Given I’m currently travelling in Japan, I thought I’d write a couple of Japanese-oriented posts. My first one – introductory, rather than in-depth – is about Australian writers who live or have lived (loosely defined) in Japan.
An early Australian writer who went to Japan was Rosa Praed who visited Japan around 1894–95 on her return to Australia from England. Resulting from this visit was her novel Madame Izàn: A tourist story (1899) in which, writes Clarke (see below), she “raised the then daring subject of an interracial marriage between a Japanese man and an Irish woman”. This novel is available online, but I’ll just share this little description of the characters’ arrival in Japan:
And now they were in the harbour, where among the native craft and merchantmen were French and English and American men-of-war and a fierce Russian battleship, which looked as though it could, with its big guns, gobble up, as easily at the wolf gobbled up Red Riding Hood, pretty, harmless Nagasaki, lying so peacefully at the foot of her green hills.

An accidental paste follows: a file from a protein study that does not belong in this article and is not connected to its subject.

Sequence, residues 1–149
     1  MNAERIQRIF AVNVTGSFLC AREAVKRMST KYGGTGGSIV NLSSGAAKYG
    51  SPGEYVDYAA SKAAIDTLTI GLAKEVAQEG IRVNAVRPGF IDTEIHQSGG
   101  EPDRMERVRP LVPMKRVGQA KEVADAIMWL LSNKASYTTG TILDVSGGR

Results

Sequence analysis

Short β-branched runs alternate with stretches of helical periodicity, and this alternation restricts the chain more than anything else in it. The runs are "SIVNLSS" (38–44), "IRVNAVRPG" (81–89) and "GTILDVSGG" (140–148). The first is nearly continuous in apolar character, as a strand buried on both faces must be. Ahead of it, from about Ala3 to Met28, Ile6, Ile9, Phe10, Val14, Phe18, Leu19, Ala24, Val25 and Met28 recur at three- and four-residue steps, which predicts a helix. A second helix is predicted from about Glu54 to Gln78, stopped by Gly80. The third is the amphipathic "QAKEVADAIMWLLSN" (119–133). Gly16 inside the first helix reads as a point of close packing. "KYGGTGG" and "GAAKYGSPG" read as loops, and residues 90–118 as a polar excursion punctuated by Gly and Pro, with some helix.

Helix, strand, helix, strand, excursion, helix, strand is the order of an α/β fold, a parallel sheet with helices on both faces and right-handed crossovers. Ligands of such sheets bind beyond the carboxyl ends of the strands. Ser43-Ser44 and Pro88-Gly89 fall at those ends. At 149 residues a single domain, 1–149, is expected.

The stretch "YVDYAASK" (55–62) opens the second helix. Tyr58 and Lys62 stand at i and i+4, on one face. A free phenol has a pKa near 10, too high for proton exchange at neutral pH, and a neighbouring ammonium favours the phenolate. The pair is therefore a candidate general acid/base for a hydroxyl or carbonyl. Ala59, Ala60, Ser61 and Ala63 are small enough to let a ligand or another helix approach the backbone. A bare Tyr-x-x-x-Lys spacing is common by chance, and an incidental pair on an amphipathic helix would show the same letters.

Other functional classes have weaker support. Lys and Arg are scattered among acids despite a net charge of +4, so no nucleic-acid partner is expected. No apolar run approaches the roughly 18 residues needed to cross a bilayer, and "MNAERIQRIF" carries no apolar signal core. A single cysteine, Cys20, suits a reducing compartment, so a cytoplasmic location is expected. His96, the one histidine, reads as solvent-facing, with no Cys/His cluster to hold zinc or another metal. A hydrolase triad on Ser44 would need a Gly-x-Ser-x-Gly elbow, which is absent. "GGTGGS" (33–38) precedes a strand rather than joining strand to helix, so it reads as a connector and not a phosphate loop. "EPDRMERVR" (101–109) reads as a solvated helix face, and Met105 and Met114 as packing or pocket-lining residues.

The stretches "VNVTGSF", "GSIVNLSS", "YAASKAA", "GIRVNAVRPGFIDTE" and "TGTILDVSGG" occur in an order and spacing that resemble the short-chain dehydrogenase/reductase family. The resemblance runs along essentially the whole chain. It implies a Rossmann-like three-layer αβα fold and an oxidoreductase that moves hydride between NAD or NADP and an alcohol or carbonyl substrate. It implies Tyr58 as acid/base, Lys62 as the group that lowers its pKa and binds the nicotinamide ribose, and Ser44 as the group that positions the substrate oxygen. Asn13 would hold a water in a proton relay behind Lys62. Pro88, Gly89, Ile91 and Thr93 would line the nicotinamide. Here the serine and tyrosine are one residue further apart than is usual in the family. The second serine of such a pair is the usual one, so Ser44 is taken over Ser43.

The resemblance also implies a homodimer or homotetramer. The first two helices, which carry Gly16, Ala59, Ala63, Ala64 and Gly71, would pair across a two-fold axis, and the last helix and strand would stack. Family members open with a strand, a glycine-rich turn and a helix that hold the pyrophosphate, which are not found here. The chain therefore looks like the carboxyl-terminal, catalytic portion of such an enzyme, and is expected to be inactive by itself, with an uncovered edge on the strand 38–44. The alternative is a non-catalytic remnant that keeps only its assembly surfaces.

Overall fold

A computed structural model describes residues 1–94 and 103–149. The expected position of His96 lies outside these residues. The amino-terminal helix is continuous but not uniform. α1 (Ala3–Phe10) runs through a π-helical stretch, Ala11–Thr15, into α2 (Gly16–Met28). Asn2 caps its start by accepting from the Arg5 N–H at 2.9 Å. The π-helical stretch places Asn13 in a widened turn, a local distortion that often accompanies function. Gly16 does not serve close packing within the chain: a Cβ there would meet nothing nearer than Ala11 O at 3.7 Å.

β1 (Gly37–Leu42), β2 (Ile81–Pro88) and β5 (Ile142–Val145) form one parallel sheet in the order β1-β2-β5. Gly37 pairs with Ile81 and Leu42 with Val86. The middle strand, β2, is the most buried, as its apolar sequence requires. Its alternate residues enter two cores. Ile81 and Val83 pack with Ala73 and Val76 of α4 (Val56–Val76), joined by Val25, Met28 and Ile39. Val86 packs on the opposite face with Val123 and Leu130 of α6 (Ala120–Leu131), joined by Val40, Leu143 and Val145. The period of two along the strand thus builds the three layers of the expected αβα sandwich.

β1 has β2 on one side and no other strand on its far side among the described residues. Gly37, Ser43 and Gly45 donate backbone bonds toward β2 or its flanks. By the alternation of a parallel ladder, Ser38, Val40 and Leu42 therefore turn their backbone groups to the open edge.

Praed visited at an interesting time!
A different sort of Australian writer who lived in Japan, in Kyoto, for twenty years, is Meredith McKinney (who also happens to be poet Judith Wright’s daughter). She is best known as a translator of Japanese literature. Back in Australia, since 1988, and living near Canberra, she’s an associate professor at the Australian National University’s Japan Centre, and writes on Japanese related topics. An example is her analysis in Griffith Review of atomic power and Japan after the Fukushima meltdown, “Continuing fallout”. She continues to translate, her books including Penguin Classics editions of Sei Shonagon’s The pillow book and Natsume Sōseki’s Kokoro, and Finlay Lloyd’s edition of Ogai Mori’s The wild goose (on my TBR).